Will Smith Monday evening apologized in an Instagram post to comedian Chris Rock for his behavior in Sunday night’s Academy Awards ceremony, which included slapping him on stage over a joke about the Oscar winner’s wife, Jada Pinkett Smith.
“My behavior at last night’s Academy Awards was unacceptable and inexcusable,” Mr. Smith wrote. “Jokes at my expense are a part of the job, but a joke about Jada’s medical condition was too much for me to bear and I reacted emotionally.”
“I would like to publicly apologize to you, Chris. I was out of line and I was wrong. I am embarrassed and my actions were not indicative of the man I want to be.”
In rehearsals for the awards show, Mr. Rock didn’t tell the joke that led Mr. Smith to slap the comedian, people close to the production said.
Mr. Rock’s joke, a riff about Ms. Pinkett Smith’s short hair, also wasn’t on the teleprompter for the show, they said.
Ms. Pinkett Smith has said on social media that she has alopecia, a medical condition that causes hair loss. Representatives for Mr. Rock didn’t respond to a request for comment.
Later in the evening Mr. Smith won the Oscar for best actor for his performance in the drama “King Richard,” a biopic about Richard Williams, the father of tennis stars Venus and Serena Williams.
Mr. Smith also apologized to the Academy of Motion Picture Arts and Sciences, which puts on the Oscars; the producers of the show and its attendees and viewers; the Williams family; and “my King Richard Family.”
The Academy announced a formal investigation into the incident earlier Monday and condemned Mr. Smith’s actions. The group also shared organizational rules that show it has the power to revoke an Oscar after the fact.
The Academy’s standards of conduct state that the organization can take disciplinary actions including revoking awards. The Academy can take less drastic measures, too, including private or public reprimand, and temporary or permanent loss of eligibility for future Oscars.
Mr. Rock declined to file a police report against Mr. Smith, according to the Los Angeles Police Department, which released a statement saying that he was aware of “an incident between two individuals” at the Academy Awards. “The incident involved one individual slapping another,” the statement read.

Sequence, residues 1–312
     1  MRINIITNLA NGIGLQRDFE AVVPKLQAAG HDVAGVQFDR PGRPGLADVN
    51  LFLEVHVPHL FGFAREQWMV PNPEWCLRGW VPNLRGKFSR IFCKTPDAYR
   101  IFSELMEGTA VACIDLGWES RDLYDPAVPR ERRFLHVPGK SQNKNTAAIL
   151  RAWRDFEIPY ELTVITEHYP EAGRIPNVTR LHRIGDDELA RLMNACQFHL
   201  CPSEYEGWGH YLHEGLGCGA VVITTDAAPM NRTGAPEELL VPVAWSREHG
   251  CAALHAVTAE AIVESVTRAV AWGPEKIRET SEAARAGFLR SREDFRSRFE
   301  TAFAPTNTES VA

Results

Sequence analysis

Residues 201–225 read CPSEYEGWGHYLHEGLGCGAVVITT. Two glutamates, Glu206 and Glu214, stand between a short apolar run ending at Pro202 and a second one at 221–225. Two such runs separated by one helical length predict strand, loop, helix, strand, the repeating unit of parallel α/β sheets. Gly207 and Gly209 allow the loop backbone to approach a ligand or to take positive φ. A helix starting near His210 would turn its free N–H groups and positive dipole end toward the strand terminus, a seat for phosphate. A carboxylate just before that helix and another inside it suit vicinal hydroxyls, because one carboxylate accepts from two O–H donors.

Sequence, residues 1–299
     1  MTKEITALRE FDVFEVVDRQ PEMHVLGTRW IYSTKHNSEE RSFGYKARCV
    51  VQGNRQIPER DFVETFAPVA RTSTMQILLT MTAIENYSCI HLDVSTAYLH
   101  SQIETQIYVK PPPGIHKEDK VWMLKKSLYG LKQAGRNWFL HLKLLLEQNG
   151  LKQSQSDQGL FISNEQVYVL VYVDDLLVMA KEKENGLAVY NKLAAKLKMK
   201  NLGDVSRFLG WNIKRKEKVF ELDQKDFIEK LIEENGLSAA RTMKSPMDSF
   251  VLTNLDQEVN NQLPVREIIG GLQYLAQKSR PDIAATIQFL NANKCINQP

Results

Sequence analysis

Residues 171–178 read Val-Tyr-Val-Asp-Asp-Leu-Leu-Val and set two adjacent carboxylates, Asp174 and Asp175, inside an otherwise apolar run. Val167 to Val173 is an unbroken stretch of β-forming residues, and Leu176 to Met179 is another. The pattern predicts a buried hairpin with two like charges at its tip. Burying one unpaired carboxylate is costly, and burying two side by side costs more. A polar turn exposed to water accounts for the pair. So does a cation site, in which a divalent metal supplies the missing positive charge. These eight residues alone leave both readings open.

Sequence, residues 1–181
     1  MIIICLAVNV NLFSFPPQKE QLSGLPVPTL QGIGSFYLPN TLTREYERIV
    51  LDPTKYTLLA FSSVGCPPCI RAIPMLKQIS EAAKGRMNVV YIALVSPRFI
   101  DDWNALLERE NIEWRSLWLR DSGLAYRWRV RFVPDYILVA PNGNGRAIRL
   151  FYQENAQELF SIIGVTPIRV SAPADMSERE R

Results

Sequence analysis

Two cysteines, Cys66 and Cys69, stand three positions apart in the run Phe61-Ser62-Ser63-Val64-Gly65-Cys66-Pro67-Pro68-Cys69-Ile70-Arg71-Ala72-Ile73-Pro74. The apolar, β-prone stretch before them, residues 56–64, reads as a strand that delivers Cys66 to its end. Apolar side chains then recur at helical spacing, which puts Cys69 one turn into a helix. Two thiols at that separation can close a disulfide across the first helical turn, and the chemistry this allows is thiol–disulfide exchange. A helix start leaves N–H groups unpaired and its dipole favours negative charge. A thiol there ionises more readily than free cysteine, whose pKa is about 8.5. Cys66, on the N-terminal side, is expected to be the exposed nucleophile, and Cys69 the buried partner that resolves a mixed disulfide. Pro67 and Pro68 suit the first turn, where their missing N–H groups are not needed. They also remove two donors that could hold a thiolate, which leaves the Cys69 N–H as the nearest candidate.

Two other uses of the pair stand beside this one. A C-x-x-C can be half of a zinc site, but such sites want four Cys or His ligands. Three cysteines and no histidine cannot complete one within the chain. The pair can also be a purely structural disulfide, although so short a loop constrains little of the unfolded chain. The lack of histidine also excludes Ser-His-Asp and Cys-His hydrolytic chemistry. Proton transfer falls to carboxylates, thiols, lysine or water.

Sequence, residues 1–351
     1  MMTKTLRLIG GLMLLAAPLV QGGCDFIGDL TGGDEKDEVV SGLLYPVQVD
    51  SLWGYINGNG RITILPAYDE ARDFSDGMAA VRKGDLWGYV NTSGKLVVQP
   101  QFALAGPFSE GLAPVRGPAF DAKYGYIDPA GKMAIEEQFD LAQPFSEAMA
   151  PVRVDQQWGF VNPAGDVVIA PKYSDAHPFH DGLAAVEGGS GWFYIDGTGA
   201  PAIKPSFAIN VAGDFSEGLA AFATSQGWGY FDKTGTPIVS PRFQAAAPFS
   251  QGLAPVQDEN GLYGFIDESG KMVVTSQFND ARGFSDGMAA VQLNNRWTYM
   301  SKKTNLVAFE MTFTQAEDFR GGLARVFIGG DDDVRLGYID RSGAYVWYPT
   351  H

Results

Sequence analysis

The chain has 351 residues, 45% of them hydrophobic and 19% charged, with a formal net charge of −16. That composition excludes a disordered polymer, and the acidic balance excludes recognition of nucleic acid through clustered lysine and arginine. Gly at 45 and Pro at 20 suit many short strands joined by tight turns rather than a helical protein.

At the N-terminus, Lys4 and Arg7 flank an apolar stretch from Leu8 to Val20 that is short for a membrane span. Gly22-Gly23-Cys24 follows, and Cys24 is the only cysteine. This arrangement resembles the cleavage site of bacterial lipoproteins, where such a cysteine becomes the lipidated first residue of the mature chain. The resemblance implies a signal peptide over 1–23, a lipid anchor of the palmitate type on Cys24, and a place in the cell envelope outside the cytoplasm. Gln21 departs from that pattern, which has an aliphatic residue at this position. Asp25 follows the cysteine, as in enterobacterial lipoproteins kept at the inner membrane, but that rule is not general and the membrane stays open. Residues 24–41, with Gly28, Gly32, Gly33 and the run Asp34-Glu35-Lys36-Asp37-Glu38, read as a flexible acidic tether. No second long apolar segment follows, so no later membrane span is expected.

After the ceremony, which drew more than 15 million viewers, Mr. Smith continued in the manner of any regular Oscar winner. He posed for photographs, smiling with children Willow, Jaden and Trey Smith, alongside Ms. Pinkett Smith. Ms. Pinkett Smith changed into a spangled gown the color of champagne. The family huddled close for an intimate photo portrait at the Vanity Fair Oscar party.
During his acceptance speech, he apologized to the Academy, but not to Mr. Rock.
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This wasn’t the first time Mr. Rock had fun at the expense of the couple. When the comedian hosted the 2016 Academy Awards he also made jokes about the pair, including questioning Mr. Smith’s high salary.
Mr. Smith’s family appeared to close ranks around him. His son, Jaden Smith, tweeted: “And That’s How We Do It.”
Some of the loudest critics of Mr. Smith’s slap were comedy professionals, including filmmaker Judd Apatow, stand-up comedian Jim Gaffigan and comedy personality Kathy Griffin.
At the ceremony, Mr. Smith appeared to be consoled by other celebrities in the room including Denzel Washington, Bradley Cooper and Tyler Perry. Tributes to him followed after the show, like this one from rapper Nicki Minaj, who said Mr. Smith was right to defend his wife. “This is what any & every real man feels in that instant,” she wrote on Twitter. “While y’all seeing the joke he’s seeing her pain.”
Video posted on social media from the Vanity Fair afterparty showed Mr. Smith clutching his Oscar, dancing and rapping along to his hit “Gettin’ Jiggy Wit It.” He was surrounded on three sides by guests holding up their phones to capture the moment as they danced along with him.
Before the show, Mr. Smith posted to his Instagram pictures of himself and Ms. Pinkett Smith in jokey poses with the caption, “Me ‘n @jadapinkettsmith got all dressed up to choose chaos.” Later, Mr. Smith commented on the post: “You can’t invite people from Philly or Baltimore nowhere!!”
Will Packer, executive producer of the Oscars telecast, also made a joke about the incident when he tweeted“Welp…I said it wouldn’t be boring #Oscars.”
—Omar Abdel-Baqui contributed to this article.
Write to Ellen Gamerman at email@example.com and Joe Flint at Joe.Flint@WSJ.com
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